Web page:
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What Makes a Fabric? Assessing the Qualities of Textiles

Ingredients and structure make each fabric unique
Threads magazine - 138 – Aug./Sept. 2008

Crisp, dry linen. Rich, buttery four-ply silk. Toothy, complex wool tweed. The fresh bouquet of a floral-print cotton lawn. What do they have in common? Not a lot—except each one is delicious, and fabric connoisseurs love them all.

Just the way a gourmet tries to match a fine wine to the food it accompanies, a devoted sewer wants to match the characteristics of a fabric to the design she’s creating. The best way to do that is to assess the qualities of the fabric, and compare them to the requirements of the garment. If the two lists match, carry on; you’re on your way to a successful sewing experience. wool

Analyzing textiles doesn’t have to be technical (although a little technical background doesn’t hurt). Handle the fabric, compare it to others you like or dislike, and consider its color, texture, and weight. Find out what it’s made of, and how it’s made. No matter how much you love a certain fabric, it’s important to be realistic about whether it’s appropriate for the garment you plan to make.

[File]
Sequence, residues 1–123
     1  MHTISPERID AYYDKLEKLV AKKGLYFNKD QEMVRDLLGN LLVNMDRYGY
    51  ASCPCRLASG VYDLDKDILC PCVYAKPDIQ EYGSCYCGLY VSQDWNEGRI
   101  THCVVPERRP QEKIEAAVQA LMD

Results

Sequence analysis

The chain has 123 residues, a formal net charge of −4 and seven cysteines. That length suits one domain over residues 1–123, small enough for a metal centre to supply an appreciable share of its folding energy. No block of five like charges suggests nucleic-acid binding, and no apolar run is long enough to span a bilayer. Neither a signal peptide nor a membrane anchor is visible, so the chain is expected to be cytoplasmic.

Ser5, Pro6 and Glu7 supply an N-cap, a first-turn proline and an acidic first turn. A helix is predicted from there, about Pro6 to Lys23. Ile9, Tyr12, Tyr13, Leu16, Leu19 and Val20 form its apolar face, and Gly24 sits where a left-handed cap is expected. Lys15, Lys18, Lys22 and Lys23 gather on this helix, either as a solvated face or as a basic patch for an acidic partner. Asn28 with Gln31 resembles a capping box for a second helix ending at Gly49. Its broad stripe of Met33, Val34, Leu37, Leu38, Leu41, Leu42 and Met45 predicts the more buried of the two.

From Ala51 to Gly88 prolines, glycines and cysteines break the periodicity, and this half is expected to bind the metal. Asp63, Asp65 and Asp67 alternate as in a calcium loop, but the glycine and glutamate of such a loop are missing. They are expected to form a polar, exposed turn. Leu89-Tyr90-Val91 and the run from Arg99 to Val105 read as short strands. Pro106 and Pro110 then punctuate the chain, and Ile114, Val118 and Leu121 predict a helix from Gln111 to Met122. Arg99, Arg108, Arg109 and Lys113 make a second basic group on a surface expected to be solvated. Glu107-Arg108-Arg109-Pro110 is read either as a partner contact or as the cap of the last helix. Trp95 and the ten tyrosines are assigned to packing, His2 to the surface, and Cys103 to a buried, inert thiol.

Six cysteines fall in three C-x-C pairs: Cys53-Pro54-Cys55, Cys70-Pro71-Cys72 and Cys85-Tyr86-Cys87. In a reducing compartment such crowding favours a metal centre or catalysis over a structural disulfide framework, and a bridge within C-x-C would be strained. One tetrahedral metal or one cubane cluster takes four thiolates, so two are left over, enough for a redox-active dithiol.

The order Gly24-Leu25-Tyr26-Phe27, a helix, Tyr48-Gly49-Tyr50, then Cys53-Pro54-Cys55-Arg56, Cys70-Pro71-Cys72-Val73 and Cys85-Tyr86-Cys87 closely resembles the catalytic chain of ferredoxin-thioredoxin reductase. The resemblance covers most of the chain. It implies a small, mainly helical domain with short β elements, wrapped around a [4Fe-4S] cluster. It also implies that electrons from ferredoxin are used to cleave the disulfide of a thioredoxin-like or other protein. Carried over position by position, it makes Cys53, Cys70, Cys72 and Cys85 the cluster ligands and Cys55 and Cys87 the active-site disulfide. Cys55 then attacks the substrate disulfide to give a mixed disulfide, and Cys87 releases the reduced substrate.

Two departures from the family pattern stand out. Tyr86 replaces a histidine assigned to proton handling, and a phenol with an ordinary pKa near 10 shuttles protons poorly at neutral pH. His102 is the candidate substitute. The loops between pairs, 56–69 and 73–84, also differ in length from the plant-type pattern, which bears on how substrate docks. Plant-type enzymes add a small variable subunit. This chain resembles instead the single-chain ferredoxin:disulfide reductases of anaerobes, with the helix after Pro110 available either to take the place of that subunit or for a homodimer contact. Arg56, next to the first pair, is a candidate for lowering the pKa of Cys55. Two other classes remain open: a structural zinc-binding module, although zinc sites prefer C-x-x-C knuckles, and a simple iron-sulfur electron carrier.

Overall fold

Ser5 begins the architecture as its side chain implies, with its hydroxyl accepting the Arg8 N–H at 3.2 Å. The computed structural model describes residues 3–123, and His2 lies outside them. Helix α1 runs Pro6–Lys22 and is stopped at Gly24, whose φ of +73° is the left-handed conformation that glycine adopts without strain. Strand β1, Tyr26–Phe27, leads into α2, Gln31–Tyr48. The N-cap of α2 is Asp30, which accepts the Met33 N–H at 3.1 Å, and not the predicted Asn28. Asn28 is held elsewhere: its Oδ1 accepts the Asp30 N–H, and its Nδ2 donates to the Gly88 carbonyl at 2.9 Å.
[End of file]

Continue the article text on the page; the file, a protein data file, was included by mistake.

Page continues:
If you encounter a truly irresistible fabric that doesn’t fit your immediate needs, buy a little anyway. Let it age a while as you challenge yourself to come up with the perfect design for your precious find. There’s room for all sorts of fabrics in every wardrobe—if you know how to use them.

Trust Mother Nature

Many sewers are unwaveringly loyal to natural-fiber fabrics—and with good reason. They’re comfortable, easy to sew, and produce reliably attractive garments. Although these fabrics have been around for millennia, they always have an “of the moment” look.

Plant-based fibers such as cotton, linen, hemp, and ramie are strong whether wet or dry, take dye…

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